Goldkammer Museum

Location marker

Frankfurt, Germany

Location marker+3 photos
Lighting design

Licht Kunst Licht AG

Architect

AS+P Albert Speer + Partner GmbH, Frankfurt

Customer

Goldkammer Frankfurt GmbH

Location

Frankfurt, Germany

Photos

Marcus Ebener

Spectacular Underground Museum Architecture

After four years of design, planning, and construction, one of Europe’s most modern museums opened its doors on May 25th, 2019: the Goldkammer Frankfurt. In the middle of Frankfurt’s densely built Westend, the biggest architectural challenge was to showcase the fascinating world of gold in an extremely limited space. On a total of just 480 square meters, the Berlin based exhibition designers from merz merz created an expressive setting for more than 500 gold artefacts from the most varied eras of the past 6,000 years with a spectacular sequence of underground tunnels and treasure chambers. With an unobtrusive but emphatic display of the exhibits via integrated lighting elements, Licht Kunst Licht emphasizes the composition of this innovative exhibition concept.

The entrance foyer welcomes visitors with a friendly and warm lighting atmosphere created by ceiling recesses filled with ceiling pendant lights, which were specially designed for the museum. With their narrow-beam light distribution, they produce a directional and brilliant light, which leads to the desired reflections and light patterns on the polished surfaces. Additionally, indirect cove lights trace the ceiling recesses and introduce a secondary, soft lighting component. All LEDs use a 3,000 K white color temperature to emphasize both the predominantly deep blue wall colors as well as the warm-toned brass accents. A sophisticated distribution of light makes the exhibition spaces seem more spacious than they actually are. Concealed linear light profiles imitate incident daylight, while discreetly placed lighting accents create a mysterious and suspenseful atmosphere.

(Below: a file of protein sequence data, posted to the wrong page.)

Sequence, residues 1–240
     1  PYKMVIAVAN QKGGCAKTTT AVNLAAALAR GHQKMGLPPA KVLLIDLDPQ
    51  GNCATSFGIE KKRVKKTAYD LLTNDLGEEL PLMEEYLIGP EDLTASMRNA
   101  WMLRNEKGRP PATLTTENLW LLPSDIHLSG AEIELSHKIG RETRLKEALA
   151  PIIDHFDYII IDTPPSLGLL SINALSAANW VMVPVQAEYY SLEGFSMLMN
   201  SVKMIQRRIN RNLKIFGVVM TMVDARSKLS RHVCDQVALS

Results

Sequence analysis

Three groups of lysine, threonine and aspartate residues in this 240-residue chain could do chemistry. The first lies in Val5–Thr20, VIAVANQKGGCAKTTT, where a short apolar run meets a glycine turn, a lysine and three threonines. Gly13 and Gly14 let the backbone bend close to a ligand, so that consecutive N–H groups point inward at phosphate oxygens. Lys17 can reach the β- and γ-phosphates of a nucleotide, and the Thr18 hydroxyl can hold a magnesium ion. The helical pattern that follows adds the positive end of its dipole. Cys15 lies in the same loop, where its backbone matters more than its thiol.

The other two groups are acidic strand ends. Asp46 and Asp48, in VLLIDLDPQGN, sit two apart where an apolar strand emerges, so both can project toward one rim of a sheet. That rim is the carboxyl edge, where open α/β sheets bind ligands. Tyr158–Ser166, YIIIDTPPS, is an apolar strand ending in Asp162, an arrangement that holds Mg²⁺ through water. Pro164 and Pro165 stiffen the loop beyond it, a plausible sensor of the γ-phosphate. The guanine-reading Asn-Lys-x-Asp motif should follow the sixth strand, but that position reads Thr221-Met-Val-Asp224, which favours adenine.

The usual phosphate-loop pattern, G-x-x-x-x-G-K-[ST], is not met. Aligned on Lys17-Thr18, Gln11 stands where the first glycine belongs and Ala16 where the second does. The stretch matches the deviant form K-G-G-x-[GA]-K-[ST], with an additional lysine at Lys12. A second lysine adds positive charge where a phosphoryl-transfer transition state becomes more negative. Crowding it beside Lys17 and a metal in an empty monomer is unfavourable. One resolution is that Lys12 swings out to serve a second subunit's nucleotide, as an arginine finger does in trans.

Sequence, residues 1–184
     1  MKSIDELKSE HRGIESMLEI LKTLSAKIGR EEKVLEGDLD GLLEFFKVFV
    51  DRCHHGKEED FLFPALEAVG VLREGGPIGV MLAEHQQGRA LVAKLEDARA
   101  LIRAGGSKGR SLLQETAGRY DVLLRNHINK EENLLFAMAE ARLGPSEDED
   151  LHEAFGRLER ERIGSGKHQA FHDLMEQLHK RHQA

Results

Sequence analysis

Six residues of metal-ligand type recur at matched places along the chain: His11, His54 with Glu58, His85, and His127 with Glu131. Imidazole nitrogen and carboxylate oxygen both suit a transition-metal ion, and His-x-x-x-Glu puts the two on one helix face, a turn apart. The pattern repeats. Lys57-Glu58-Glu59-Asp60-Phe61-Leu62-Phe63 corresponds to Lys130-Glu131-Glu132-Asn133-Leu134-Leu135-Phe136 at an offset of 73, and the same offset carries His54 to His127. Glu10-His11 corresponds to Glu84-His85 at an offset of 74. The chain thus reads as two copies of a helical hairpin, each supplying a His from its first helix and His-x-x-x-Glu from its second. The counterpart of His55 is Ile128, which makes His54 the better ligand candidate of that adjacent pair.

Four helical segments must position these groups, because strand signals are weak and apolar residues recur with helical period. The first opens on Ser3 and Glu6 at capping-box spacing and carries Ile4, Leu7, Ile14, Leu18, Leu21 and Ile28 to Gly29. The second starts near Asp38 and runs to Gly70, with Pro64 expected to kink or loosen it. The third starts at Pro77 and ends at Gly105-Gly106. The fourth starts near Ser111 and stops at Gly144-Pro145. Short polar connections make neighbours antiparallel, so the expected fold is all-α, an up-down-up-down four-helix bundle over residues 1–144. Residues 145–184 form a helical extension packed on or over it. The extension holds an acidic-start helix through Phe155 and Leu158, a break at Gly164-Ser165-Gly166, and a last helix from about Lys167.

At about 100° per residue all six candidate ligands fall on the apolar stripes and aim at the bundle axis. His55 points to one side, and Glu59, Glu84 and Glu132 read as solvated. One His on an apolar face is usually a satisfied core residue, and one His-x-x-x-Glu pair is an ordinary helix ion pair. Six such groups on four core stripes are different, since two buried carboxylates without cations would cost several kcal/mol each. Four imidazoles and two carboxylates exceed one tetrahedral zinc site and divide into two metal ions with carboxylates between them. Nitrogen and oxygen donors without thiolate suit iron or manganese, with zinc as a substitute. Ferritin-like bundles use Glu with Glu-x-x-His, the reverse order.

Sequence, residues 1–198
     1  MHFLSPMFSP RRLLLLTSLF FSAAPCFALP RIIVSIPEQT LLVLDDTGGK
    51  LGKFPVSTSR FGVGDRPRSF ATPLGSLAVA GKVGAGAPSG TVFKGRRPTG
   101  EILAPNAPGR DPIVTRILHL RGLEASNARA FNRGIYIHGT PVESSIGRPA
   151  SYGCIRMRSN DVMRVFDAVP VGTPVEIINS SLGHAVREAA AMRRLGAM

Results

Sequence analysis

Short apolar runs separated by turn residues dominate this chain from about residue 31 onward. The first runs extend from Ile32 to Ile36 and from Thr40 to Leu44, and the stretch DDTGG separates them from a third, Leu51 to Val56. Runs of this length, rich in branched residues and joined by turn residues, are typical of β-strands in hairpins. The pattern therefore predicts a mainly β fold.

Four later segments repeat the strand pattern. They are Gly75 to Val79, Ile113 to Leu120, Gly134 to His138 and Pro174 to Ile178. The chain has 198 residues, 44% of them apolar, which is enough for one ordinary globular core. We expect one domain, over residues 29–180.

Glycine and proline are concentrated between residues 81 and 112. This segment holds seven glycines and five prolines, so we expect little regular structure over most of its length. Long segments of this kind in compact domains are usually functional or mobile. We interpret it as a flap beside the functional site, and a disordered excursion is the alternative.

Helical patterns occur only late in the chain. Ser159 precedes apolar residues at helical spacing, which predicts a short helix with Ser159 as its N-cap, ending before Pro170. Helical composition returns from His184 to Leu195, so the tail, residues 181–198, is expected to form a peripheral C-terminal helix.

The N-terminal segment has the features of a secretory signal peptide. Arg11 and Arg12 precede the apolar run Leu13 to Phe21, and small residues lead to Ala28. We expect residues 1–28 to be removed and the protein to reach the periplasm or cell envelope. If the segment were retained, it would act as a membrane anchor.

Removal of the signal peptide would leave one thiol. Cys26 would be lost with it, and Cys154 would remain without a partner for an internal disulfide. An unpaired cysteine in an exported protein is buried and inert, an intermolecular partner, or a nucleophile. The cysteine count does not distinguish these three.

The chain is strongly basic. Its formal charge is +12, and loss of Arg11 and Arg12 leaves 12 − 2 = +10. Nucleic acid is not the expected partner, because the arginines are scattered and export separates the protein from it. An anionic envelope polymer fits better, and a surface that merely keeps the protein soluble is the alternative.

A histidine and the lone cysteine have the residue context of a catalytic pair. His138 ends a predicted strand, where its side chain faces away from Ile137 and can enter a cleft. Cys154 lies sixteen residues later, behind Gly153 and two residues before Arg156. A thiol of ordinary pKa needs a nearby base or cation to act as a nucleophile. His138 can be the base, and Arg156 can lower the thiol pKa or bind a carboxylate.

The main area of the museum is devoted to the topics of Gold as Currency, Early Cultures, and Jewelry. The rooms are clad with rammed earth and their upward tapering room geometries and inclined loam plaster ceilings are reminiscent of the ancient Egyptian and Mayan pyramids. Ceiling setbacks incorporated into the room design house well-concealed linear light strips, which create the appearance of cool daylight pouring in.

Two of the highlights of the exhibition – the only surviving gold bust of Licinius I and a precious gold mask from Colombia – are shown in two opposing chambers, linked by the exhibition space "Ancient Cultures". In the back walls of each of these chambers is a vertical, tapered recess, which is designed as a display case, each housing one exhibit. Linear luminaires are concealed on both sides of the recess, creating the impression of a glowing band of light that visually connects the room ensemble by continuing in the form of a ceiling recess. The light band provides the required general lighting and at the same time forms the back wall lighting of the two wall mounted display cases.

The ceiling and showcase lighting was realised with LED luminaires from the XOOLINE™ IP40 family, among others.

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